Everything you ever wanted to learn

College students who take classes only for credit often feel limited in the variety of classes they can take. But getting a degree shouldn’t be at the expense of a well-rounded education. In order to

College students who take classes only for credit often feel limited in the variety of classes they can take. But getting a degree shouldn’t be at the expense of a well-rounded education. In order to provide students with the best of both worlds, Temple University offers non-credit courses in everything from belly dancing to wine tasting.

Temple University Center City (TUCC), Ambler and Fort Washington all offer non-credit courses with open registration.

At the Center City campus, the Institute for Continuing Studies (ICS) offers six to seven-week courses in any field of interest. Classes range from literature and business to Latin dancing and cooking. Some classes are limited to only 10-15 students while other classes, such as the dance courses, can accommodate nearly 40 people.

The complete listing of classes with descriptions, fees and other information is available at their Web site at https://www.temple.edu/tucc. Registration can be completed online.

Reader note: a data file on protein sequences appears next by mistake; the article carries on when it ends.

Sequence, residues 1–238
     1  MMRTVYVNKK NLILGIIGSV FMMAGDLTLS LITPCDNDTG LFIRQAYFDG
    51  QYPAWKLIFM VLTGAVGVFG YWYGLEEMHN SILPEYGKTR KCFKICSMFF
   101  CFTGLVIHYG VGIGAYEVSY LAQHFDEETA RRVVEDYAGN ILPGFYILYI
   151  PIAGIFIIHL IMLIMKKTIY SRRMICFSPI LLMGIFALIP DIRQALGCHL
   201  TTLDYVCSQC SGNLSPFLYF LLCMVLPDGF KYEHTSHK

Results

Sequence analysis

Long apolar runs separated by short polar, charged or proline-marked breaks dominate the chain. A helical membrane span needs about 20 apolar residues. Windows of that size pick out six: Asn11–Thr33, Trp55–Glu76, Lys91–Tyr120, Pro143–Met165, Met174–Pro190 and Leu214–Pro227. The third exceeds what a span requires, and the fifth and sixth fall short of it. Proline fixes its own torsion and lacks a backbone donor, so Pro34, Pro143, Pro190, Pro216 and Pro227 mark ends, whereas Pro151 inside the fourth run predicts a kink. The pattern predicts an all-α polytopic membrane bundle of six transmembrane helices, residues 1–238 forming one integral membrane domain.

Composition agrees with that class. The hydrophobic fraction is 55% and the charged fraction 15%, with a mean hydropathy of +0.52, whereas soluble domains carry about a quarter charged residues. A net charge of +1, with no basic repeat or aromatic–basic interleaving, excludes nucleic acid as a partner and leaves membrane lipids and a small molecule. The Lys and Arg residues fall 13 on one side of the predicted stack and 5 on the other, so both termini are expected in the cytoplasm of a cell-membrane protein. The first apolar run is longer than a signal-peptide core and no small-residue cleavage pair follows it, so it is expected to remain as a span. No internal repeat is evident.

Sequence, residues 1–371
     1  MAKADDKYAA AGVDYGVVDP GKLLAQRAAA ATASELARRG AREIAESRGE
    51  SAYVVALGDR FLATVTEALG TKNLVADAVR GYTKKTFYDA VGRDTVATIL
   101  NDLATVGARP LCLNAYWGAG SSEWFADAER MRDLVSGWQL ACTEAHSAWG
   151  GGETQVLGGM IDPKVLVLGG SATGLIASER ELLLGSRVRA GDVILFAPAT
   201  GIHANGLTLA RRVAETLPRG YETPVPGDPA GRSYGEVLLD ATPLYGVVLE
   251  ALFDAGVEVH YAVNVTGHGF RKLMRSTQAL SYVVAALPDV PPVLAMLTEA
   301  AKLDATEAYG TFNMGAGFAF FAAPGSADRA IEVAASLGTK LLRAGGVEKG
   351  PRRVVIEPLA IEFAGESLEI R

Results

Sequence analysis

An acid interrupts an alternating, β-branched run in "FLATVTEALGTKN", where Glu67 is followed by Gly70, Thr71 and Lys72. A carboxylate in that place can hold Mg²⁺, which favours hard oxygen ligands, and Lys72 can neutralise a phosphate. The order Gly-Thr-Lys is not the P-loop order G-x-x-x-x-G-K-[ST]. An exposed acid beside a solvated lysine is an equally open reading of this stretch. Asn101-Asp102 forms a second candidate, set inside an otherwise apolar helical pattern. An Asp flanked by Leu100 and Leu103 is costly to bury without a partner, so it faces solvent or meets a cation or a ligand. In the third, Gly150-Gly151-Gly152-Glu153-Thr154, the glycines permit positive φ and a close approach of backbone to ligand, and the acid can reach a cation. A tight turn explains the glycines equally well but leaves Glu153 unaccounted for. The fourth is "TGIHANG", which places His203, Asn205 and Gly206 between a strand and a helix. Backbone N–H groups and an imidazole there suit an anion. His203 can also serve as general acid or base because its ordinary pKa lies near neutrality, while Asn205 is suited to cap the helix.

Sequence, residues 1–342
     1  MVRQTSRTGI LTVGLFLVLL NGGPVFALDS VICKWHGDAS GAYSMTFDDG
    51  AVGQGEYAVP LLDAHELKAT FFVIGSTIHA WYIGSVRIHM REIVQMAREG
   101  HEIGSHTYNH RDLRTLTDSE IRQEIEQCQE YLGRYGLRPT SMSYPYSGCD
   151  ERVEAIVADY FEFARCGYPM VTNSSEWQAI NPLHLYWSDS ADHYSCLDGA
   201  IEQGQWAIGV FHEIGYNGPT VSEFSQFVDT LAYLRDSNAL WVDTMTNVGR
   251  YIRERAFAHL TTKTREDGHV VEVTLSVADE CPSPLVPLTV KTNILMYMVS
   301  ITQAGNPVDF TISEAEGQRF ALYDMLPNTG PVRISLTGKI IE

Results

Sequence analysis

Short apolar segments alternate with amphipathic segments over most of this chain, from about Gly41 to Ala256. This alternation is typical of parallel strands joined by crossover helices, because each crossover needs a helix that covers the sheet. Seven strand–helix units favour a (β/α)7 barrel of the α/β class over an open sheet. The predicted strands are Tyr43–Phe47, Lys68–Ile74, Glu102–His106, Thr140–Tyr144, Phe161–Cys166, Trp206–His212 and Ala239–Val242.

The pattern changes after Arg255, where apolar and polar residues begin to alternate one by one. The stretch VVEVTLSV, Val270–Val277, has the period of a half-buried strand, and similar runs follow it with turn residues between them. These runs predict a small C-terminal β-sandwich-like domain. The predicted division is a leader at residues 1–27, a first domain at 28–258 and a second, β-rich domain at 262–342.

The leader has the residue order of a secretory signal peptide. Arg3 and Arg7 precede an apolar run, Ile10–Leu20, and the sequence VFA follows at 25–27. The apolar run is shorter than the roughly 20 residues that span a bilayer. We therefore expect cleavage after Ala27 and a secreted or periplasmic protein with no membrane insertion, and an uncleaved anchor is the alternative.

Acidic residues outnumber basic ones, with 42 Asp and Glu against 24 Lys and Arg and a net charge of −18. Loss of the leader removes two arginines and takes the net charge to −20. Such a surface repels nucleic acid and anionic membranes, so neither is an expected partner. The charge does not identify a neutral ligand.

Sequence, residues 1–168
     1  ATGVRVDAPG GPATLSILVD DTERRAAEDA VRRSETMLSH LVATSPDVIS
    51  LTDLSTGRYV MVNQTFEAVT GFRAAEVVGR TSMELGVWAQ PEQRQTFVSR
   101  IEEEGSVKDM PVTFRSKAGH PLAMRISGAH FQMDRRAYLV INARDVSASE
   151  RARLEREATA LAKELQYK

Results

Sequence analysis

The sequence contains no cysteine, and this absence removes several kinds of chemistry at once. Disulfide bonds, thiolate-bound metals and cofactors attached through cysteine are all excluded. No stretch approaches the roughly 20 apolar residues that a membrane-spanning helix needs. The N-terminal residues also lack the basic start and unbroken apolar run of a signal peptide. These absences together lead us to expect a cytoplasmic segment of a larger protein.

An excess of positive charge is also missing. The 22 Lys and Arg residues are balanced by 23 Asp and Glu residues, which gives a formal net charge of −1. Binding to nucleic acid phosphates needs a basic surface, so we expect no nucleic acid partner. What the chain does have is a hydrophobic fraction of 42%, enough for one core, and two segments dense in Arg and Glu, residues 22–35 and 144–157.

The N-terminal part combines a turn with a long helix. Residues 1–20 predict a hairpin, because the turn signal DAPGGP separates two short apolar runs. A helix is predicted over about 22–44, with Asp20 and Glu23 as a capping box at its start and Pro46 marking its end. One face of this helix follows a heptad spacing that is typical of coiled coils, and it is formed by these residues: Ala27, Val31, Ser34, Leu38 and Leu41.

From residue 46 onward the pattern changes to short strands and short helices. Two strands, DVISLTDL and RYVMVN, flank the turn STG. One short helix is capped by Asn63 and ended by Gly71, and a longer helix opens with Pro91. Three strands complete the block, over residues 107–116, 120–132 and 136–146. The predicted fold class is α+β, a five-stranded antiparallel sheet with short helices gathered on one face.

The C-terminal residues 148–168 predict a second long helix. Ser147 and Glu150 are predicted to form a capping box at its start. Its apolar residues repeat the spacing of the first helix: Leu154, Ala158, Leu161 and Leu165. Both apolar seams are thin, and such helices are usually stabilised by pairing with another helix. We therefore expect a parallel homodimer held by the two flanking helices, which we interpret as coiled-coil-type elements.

In a continued effort to promote continuing education, TUCC offers a Frequent Learning Program, allowing frequent course-takers to gain credit toward free classes.

At Ambler and Fort Washington, a variety of food and entertainment courses are spotlighted. Classes include “World’s Greatest Wine Values,” a discovery of the regions and wines that deliver the most bang for the buck; “Cooking Veggie Style at Horizon’s Caf,” an introduction to the creativity and benefits of vegetarian cooking; and “Wok ‘n’ Walk Tour of Chinatown,” a tour of the vibrant community. These courses teach students the fundamentals of practical knowledge.

For students looking for a more specific experience, the city offers additional classes for a relatively nominal fee. All ages are welcome to sign up for the Arden Theater’s courses, designed to introduce outsiders to the theater world. From acting, auditioning, reading a play and acting through songs, these courses offer the real-life experience while providing a fun time.

One class, “Rehearsal Process,” might be of particular interest to students of the School of Communication and Theater. Through a partnership between the Arden Theater and Temple University, the course teaches the intricate dance process between the technical and artistic, subjective and objective, lofty and concrete, all while diagramming the steps needed to put on in a production.

From sketching to freestyle acting, many city theaters and galleries offer classes for developing artists. Managing time between classes and work is always a juggling act, but dedicating spare time to developing outside interests is a worthwhile investment.

Eric Cortes can be reached at mvscap@temple.edu.

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